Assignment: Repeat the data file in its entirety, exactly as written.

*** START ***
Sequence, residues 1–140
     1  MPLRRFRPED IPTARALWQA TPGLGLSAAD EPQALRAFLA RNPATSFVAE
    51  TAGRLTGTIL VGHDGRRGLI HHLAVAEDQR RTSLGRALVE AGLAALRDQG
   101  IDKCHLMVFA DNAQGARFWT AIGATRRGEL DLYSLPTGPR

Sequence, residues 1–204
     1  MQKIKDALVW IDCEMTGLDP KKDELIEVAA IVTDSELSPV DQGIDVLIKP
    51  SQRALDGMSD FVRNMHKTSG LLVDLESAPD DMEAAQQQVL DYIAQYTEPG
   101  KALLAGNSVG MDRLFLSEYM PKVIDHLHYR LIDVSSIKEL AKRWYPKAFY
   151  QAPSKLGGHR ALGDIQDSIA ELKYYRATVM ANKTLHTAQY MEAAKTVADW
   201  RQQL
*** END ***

Sequence, residues 1–140
     1  MPLRRFRPED IPTARALWQA TPGLGLSAAD EPQALRAFLA RNPATSFVAE
    51  TAGRLTGTIL VGHDGRRGLI HHLAVAEDQR RTSLGRALVE AGLAALRDQG
   101  IDKCHLMVFA DNAQGARFWT AIGATRRGEL DLYSLPTGPR

Sequence, residues 1–204
     1  MQKIKDALVW IDCEMTGLDP KKDELIEVAA IVTDSELSPV DQGIDVLIKP
    51  SQRALDGMSD FVRNMHKTSG LLVDLESAPD DMEAAQQQVL DYIAQYTEPG
   101  KALLAGNSVG MDRLFLSEYM PKVIDHLHYR LIDVSSIKEL AKRWYPKAFY
   151  QAPSKLGGHR ALGDIQDSIA ELKYYRATVM ANKTLHTAQY MEAAKTVADW
   201  RQQL